Beach: Well you know, it took six months to write “Rainbow in the Rose” (In the Heart of the Young). A solid three months anyway because we didn’t have Pro Tools, but now you have a computer that can cut and paste stuff. We actually had to cut the tape with a razor blade back then to edit anything and now It’s like a piece of art. You can just take something out and put it somewhere else with a computer and you can actually write a riff by making the riff backwards with a press of a button. Well, what’s it sound like backwards? That’s even cooler! Let’s make that the riff. It’s like a way bigger pallet to create and it goes a lot quicker, but like right now it’s going slower because our iPhones keep going off. You know, like the texting and everything because Kip has three other things he’s doing right now. So, he has to respond to emails and he has to call the guy back and he has to text people and so, it’s been a little distracting with that, and also Winger has a very high bar. Like in the writing, you know. Kip said to me, I brought him in like 15 riffs and he said, they’re good. I like these two are my favorite. He said, but I’m not interested in a riff where I know what the next chords are going to be. Where I hear three chords and I know what the next chords are going to be. He said, that’s not what I want. I want something fresh. So, we’ve got a very high bar and we’ve written, I don’t know, maybe thirteen songs, and we’re only going to use five of them on the record. So, right now we’re kind of half-way done.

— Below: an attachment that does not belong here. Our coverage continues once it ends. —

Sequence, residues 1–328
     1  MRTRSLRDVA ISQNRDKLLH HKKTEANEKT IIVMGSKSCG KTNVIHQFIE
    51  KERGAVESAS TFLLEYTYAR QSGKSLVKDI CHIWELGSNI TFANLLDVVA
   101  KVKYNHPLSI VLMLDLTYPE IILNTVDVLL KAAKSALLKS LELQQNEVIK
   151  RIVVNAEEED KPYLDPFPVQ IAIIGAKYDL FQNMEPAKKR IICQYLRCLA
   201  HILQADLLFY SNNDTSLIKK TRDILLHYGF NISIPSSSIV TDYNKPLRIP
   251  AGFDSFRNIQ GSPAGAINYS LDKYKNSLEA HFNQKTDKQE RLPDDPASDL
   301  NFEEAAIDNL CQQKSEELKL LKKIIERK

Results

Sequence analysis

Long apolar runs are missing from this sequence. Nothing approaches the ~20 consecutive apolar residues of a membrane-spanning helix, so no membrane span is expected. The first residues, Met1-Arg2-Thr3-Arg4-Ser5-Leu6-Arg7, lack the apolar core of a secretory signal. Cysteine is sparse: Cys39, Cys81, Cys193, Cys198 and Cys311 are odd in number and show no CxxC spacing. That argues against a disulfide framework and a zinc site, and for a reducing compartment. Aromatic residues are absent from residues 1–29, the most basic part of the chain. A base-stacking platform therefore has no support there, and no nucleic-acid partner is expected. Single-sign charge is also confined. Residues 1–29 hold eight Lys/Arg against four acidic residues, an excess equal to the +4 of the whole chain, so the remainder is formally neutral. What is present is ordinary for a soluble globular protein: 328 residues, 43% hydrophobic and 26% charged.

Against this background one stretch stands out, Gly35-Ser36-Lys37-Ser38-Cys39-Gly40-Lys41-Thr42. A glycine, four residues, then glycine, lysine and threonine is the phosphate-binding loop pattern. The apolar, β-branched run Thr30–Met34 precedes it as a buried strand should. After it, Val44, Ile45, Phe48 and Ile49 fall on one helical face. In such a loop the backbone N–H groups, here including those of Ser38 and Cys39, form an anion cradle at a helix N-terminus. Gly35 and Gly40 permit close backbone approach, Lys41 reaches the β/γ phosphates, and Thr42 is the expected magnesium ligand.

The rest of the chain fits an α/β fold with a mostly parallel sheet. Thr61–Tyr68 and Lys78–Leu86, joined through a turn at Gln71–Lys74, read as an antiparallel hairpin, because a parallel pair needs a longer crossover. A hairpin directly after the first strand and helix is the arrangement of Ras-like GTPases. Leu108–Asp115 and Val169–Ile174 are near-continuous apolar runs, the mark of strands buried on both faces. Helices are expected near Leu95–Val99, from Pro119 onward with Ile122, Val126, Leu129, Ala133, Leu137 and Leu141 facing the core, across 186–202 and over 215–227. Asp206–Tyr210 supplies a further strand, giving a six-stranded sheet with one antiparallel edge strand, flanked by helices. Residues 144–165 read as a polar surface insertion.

Ohio Music Experience: Does the new album have a title yet?
Beach: No. I mean, Kips got a whole book of, he’s got a composition book with titles of songs. Titles of albums. Names of bands. He named Black Swan. It was the name of a song. It was in his song names list, and so I said, I need a name for this band because it’s impossible to come up with a name.
Ohio Music Experience: So, the album is going to be coming out sometime next year?
Beach: Yeah, I mean we’re hoping May, but we’re really, like I said, the bar is so high on this one. We want it to be like a Boston. Like the first Boston record or Van Halen one which is like every single song on the album is undeniably a great song with cool progressive licks. Yet it’s totally catchy. It’s not easy to do, but the stuff we have is epic. So, we’re hoping May.
Ohio Music Experience: Well, look forward to hearing it. With Black Swan, how did that come about?